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Thread: The best taste

  1. #1

    The best taste

    While I have been looking around the forum there have been a number of comments on how different species have different tastes and Sika meat seems to be a favourite.

    I am interested to hear just what is the best tasting deer and does anyone have any favourite sauces for their venison roast dinners.

  2. #2
    My wife makes a very nice sauce out of black berries, I'll get the recipe if you want. When I have a successful stalk I have a look around for seasonal fruits to go with the venison. I have even used sloes! I like the idea of using the foods that the deer themselves would of eaten. Wild fruits are good because they are rather 'Tart' and brings out the taste of the venison. Last year the wife made Traditional Cumberland Sauce for Christmas presents for our shooting friends. It went down very well!

    I'll get the Memsahib to post some recipes up on this thread Dave.

  3. #3
    hello Beowolf please do ask Memsahib to post some recipes, I get great satisfaction eating what you have shoot and prepared yourself. Nothing better than good food and good company of an evening.
    I will try the wild fruit idea ,I have tried the sloes. I use the sloes from the sloe gin. Once the gin has been sieved off the sloes that are left make a wonderful base to any sauce, after a year of soaking in gin they have a super flavor

  4. #4
    I think that each beast needs to be assessed on its merits as to flavour. Roe is finer than fallow in texture etc etc. What I have found makes a massive difference is how long the meat in hung in the chiller. I now keep mine for 2 weeks at 2-4 degrees and the transformation is amazing.


  5. #5
    Hello Chaps

    For my sins Mrs Beowulf here. I understand you want some recipies to go with your venison. Well I worship at the alter of Delia (as does Mr B for reasons he keeps to himself!) but I do tend to add my own twist on her recipies as the mood takes me, which so far seem to work out for the most, either that or Mr B is too scared to tell me he does not like what I put in front of him.

    Here are Delia's recipies which you should be able to tweak to your own tastes.

    Redcurrant Jelly

    2lb Redcurrants
    2lb Sugar

    Place the washed fruit into a preserving pan and slowly bring to the boil (when I made this I was using my stores from the freezer so did not need to add any water but you may just want to add a drop in the bottom of the pan). Stir and break up the fruit to release the juice and after 10 minutes add the warmed sugar. When the sugar has dissolved bring the mixture to a rapid boil for 8 minutes.

    Over a large bowl place a large sieve lined with gauze and pour the mixture through. When it has all dripped through pour the jelly into two clean jars and seal.

    Cumberland Sauce

    1 medium lemon, 1 medium orange, 4 large tablespoons of redcurrant jelly, 4 tablespoons of port, 1 heaped teaspoon mustard powder, 1 heaped teaspoon of ginger.

    First thinly pare off the rinds of both the lemon and orange, then cut into short very thin strips. Boil in water to extract any bitterness and drain well.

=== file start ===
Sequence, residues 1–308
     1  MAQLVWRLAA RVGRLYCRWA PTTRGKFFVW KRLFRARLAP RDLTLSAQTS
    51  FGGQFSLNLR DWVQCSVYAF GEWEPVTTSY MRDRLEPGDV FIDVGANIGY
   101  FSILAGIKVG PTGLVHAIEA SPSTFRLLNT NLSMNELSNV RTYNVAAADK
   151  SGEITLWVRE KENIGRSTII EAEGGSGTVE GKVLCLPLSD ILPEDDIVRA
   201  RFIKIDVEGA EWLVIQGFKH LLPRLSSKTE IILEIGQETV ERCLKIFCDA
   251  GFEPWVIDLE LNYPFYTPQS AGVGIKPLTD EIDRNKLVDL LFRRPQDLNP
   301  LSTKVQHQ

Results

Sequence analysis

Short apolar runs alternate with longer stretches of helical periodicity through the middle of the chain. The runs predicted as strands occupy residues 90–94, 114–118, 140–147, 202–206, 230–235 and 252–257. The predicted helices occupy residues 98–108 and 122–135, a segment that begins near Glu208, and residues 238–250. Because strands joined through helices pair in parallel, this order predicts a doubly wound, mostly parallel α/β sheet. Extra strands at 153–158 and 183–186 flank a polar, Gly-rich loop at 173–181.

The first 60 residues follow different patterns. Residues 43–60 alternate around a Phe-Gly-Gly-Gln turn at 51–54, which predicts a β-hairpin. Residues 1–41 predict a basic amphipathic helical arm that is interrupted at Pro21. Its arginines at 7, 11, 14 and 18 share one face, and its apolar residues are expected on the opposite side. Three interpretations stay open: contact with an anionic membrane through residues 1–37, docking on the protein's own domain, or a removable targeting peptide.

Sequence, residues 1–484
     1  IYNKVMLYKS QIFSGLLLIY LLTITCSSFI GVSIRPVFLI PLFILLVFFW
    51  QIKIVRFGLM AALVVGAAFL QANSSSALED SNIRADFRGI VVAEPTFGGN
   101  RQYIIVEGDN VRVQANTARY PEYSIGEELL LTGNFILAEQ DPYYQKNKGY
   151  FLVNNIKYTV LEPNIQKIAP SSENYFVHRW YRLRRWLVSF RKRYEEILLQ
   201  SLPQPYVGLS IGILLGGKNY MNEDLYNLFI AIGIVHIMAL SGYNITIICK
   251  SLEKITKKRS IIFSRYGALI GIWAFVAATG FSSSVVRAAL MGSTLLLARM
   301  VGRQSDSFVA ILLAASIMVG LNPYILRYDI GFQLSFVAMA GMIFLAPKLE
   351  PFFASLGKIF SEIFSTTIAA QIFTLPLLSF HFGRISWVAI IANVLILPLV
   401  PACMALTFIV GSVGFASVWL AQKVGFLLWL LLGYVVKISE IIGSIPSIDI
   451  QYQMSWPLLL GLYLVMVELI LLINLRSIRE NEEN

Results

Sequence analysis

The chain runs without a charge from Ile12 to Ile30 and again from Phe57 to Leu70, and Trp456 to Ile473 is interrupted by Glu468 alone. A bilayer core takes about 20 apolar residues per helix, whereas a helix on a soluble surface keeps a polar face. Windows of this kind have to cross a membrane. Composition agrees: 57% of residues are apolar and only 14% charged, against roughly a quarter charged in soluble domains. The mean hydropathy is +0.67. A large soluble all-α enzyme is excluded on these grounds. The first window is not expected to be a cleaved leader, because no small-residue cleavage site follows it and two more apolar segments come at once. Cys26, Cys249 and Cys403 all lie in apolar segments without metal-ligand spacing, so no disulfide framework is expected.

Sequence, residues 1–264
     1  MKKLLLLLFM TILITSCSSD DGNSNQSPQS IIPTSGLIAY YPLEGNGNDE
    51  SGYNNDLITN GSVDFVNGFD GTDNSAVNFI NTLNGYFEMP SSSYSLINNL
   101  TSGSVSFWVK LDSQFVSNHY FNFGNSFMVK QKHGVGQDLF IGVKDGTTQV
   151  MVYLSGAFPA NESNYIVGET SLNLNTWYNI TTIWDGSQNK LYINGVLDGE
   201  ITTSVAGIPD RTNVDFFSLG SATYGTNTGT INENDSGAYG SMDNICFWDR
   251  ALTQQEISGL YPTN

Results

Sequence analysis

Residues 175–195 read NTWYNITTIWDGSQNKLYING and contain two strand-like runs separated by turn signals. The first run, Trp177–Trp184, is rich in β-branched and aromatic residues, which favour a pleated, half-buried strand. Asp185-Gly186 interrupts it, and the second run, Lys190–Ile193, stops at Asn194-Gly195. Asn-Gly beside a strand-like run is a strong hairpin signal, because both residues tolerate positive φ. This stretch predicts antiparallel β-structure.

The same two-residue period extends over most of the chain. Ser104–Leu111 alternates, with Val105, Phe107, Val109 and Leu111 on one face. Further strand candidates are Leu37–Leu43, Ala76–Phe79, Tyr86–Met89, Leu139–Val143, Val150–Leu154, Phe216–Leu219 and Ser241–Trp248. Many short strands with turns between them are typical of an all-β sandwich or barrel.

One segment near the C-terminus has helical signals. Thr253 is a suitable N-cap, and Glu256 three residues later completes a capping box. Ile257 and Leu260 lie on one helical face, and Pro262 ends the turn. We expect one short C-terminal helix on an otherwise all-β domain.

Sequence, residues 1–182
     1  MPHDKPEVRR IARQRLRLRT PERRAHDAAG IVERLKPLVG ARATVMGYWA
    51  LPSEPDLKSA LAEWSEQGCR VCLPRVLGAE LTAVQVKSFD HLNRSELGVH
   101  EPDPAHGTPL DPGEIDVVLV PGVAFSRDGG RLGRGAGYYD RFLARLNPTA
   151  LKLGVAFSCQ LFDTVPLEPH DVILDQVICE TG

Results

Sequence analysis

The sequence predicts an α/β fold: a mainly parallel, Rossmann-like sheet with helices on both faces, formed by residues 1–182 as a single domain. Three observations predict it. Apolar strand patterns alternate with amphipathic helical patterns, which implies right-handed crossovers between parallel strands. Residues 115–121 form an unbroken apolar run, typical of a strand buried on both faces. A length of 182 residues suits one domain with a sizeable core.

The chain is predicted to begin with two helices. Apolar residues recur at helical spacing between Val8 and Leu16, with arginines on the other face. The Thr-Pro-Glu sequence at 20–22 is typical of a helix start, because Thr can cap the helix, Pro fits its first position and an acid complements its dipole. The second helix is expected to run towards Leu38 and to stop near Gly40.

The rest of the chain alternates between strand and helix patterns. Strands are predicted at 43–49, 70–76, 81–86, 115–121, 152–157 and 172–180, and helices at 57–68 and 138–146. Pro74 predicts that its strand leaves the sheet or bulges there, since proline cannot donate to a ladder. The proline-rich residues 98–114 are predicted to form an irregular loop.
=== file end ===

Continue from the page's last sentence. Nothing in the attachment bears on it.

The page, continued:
Place the redcurrant jelly and port in a saucepan and melt whisking over a low heat for 5-10 minutes.

    In a serving bowl mix the mustard and ginger with the juice of half the lemon till smooth then add the juce of the whole orange, the port and redcurrant mixture and finally the orange and lemon peel. Mix well and serve cold.

    Blackberry Sauce

    I just winged it for this recipe. Into a pan put the blackberries, brown sugar, stick of cinnamon and cover with red wine. Bring to a gentle simmer. Then sieve to remove the pips.

    Thanks Grizzley Davey we will try that Sloe Gin Sauce.

    P.S. MarkH it is not me that says we cannot have a puppy we have a very fussy Jack Russell bitch who is the boss when it comes to having any more dogs.

  6. #6

    African venison

    Kudu back straps are one of the best, along with Eland, however they are rather hard to come by in the UK, therefore I find a yearling Sika stag or hind to be the best of all for me.

    Having tasted just about everything from a Sitatunga, to an Elephant in Africa there is not much wild venison that is not good to eat. However Elephant is a bit tough!!! much like chewing a spare wheel, without the rim!!

  7. #7
    MarkH is dead right. With all meat it is the post slaughter (or shooting) care of the meat which has the biggest impact on flavour and tenderness and venison is no exception.

    Most supermarket meat is way too fresh as it is literally "dead" money hanging in the fridges and is usually sold probably less than two weeks after slaughter when most red meat needs at least three weeks, better four weeks, before it is ready. If meat is aged for anything much less than this it makes it tough and low on flavour. I try to buy my meat from local butchers but when I do go to a supermarket I try to choose the very dark coloured meat close to the "sell by" date. If you poke it through the plastic with your finger you can judge the tenderness.

    My favourite venison is muntjac, followed by a nice late August or September fallow pricket. I've never stalked or eaten sika so I can't comment although on a pheasant shoot I did have a vension casserole that contained muntjac, roe, fallow, red, and CWD venison.

  8. #8
    thankyou Tikka-ess for your recipies, the Cumberland sauce looks great my wife is going to try it next weekend.
    Mark I am hoping to get a chiller cabinet some time soon so I will be able to let the meat hang for that little bit longer. At the moment I only leave it for as long as the weather allows.
    Sikamalc I will have to take your word for the taste of kudu I have never had the pleasure, may be one day I will get the opertunity

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